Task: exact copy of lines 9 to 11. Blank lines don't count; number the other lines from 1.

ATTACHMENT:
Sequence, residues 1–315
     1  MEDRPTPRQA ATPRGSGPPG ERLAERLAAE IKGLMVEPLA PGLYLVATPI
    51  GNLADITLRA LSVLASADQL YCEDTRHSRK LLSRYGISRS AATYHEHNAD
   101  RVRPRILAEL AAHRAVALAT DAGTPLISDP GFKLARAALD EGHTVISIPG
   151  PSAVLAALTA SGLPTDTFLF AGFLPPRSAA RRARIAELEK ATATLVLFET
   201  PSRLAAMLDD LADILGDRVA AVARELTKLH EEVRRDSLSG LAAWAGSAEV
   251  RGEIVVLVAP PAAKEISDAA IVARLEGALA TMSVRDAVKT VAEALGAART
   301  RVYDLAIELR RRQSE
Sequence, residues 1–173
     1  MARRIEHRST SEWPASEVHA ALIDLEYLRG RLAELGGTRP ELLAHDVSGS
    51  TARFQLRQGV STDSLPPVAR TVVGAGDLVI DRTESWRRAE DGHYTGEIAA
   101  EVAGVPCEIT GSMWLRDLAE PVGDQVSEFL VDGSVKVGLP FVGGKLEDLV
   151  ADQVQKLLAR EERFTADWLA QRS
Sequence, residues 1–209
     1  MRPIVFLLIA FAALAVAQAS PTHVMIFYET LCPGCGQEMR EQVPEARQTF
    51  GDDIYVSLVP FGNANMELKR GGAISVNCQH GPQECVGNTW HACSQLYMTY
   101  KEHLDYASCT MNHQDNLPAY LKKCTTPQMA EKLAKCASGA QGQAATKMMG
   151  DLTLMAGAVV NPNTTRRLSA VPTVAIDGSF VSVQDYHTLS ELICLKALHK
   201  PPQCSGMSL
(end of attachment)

Sequence, residues 1–173
     1  MARRIEHRST SEWPASEVHA ALIDLEYLRG RLAELGGTRP ELLAHDVSGS
    51  TARFQLRQGV STDSLPPVAR TVVGAGDLVI DRTESWRRAE DGHYTGEIAA